Prolonged intravenous access is an important consideration in the treatment of premature neonates. Because peripheral intravenous catheters have short dwell times, centrally positioned percutaneous catheters have been used increasingly in neonatal intensive care. Midline catheters are peripherally inserted long catheters advanced only to the proximal portion of a limb or to the neck, with the tip remaining outside the thoracic and abdominal cavities. Midline catheters were placed with use of an innovative technique via a 24-gauge Angiocath catheter (Becton Dickinson, Sandy, Utah). This study compared dwell time and reason for removal of midline catheters with respective data for peripheral intravenous catheters. Dwell time was found to be 9.0 ± 1.4 days for the midline catheters versus 3.1 ± 0.5 days for peripheral intravenous catheters placed in the same patients (p < 0.05). No significant complications occurred with the use of midline catheters. These data suggest that midline catheters may be useful in neonates who require a limited duration of intravenous therapy.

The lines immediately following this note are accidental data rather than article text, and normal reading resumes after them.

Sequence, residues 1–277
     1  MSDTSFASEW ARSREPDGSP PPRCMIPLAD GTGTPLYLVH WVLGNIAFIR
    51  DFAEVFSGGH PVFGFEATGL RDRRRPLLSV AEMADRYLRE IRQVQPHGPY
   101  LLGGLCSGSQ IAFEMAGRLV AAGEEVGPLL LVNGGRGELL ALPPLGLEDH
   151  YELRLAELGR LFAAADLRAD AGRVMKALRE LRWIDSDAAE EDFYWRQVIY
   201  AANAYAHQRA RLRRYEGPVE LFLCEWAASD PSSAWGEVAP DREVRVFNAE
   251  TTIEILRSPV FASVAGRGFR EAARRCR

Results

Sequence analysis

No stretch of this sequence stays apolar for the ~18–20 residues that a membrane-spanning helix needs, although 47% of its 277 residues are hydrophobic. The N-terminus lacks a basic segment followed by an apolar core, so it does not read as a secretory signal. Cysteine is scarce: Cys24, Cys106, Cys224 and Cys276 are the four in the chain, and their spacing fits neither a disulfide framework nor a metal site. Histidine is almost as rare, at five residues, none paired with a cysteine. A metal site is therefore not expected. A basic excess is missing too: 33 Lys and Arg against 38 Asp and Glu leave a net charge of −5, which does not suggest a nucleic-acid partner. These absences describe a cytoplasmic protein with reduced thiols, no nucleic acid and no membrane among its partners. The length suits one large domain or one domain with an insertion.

|Original language||English (US)|
|Number of pages||3|
|Journal||Journal of Perinatology|
|Publication status||Published - May 1996|
ASJC Scopus subject areas
- Obstetrics and Gynecology
- Pediatrics, Perinatology, and Child Health